Returning to music after a 17-year hiatus, during which she raised a family, in 1999, Andrea Brachfeld quickly picked up where she had left off. With a self-produced CD, Remembered Dreams, in 1999, she showed her mastery of Latin and post-bop jazz. Brachfeld's musical talents have been obvious since earliest memory. Studying the piano for four years before switching to the flute at the age of ten, she attended the High School of Music and Art, where she met and played with Noel Pointer, Nat Adderely Jr., Dave Valentin, and Buddy Williams. By the age of 16, she had played her first jazz gig and had begun composing her own tunes. She continued to feed her quest to learn about the flute and music at Jazzmobile workshops, where her teachers included Jimmy Heath, and Jazz Interactions workshops, where Yusef Lateef, who taught flute, introduced her to world music. Graduating from high school in 1973, Brachfeld enrolled at the Manhattan School of Music, where her teachers included Harold Bennett and Andrew Lolya. A year later, she received the prestigious Louis Armstrong Award for outstanding jazz student. She also studied with Hubert Laws, Eddie Daniels, and George Coleman.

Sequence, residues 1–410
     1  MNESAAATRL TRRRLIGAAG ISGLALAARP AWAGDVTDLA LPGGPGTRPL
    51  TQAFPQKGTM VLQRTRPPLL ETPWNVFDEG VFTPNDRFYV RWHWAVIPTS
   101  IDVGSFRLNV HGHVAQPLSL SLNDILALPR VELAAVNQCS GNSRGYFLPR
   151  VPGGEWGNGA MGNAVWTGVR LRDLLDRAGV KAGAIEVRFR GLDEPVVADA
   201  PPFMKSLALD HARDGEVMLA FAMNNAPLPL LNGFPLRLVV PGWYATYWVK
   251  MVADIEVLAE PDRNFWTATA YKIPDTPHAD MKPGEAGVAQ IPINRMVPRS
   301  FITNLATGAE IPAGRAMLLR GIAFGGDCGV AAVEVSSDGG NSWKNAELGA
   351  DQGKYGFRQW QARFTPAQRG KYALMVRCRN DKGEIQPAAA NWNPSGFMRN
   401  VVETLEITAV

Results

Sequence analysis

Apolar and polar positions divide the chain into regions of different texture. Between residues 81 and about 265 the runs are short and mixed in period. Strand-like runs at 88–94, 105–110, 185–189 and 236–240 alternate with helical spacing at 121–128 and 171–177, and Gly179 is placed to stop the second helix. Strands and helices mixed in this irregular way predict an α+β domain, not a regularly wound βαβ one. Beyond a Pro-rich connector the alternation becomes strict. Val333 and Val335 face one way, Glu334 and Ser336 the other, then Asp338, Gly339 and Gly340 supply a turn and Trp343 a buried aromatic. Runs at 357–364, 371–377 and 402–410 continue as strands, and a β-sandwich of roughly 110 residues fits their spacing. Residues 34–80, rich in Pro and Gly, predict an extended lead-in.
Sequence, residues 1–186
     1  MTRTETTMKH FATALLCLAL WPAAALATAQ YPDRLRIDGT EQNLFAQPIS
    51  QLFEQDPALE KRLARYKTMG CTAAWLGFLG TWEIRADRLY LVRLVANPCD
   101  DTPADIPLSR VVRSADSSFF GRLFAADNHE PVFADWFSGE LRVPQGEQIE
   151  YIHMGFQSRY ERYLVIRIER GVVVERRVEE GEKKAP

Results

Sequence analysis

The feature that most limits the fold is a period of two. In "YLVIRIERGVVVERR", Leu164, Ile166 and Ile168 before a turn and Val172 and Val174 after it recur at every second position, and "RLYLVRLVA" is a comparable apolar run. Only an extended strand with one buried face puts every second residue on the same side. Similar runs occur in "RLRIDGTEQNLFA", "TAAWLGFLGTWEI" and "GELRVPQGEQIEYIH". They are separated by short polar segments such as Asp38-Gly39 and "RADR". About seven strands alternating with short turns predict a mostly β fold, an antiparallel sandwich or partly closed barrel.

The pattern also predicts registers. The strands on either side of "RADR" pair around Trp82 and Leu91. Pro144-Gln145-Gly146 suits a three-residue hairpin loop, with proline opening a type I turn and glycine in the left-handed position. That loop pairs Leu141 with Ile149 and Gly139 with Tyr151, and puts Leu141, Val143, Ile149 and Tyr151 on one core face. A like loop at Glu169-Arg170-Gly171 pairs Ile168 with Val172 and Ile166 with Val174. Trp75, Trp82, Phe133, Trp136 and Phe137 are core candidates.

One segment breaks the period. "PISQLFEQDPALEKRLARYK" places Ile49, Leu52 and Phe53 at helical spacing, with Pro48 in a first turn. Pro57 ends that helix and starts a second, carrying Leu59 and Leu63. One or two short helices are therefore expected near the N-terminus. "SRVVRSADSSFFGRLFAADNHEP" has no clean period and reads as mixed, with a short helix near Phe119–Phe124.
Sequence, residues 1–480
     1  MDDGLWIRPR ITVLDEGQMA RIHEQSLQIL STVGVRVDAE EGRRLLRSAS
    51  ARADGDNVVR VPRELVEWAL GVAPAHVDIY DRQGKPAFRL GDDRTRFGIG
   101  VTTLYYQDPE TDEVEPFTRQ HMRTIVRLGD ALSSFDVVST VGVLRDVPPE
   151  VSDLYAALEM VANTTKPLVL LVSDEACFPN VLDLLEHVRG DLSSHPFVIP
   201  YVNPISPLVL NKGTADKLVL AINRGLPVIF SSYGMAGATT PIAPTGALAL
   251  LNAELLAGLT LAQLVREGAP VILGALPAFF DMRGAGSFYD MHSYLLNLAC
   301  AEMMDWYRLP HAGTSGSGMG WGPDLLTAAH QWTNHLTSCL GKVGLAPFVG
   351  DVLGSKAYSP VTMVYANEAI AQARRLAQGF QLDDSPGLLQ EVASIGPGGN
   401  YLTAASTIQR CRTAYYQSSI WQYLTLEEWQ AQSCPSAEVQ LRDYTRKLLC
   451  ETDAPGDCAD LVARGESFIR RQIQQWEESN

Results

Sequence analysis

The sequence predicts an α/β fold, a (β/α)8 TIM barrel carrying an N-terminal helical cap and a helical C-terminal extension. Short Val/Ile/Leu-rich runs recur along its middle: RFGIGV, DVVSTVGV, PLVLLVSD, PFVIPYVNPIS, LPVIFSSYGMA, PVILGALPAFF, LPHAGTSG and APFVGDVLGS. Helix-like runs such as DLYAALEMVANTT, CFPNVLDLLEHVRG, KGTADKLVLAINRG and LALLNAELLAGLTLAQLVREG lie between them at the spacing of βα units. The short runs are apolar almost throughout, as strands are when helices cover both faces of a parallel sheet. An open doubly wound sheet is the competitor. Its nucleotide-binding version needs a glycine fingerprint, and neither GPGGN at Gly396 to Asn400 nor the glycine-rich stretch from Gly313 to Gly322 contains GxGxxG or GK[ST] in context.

Beginning in the mid-'70s, Brachfeld was increasingly drawn to Latin music. In addition to playing with Tipica New York, the Benito Sextet, Charanga '76, Tipica Ideal, and Joe Quijana, she sat in with Latin music legends including Ray Barretto, Mchito, and the late Tito Puente. Brachfeld maintained her busy schedule following her graduation. Invited to perform in Venezuela, she remained in the South American country for two-and-a-half years, performing six nights a week with a Caracas-based jazz band. Returning to the United States, Brachfeld began recording advertising jingles and formed her own jazz combo. Although they opened shows for Gary Burton, Paco de Lucia, and Chick Corea, she left music to raise a family. Brachfeld signed with the San Francisco-based Spirit Nectar record label in 2001.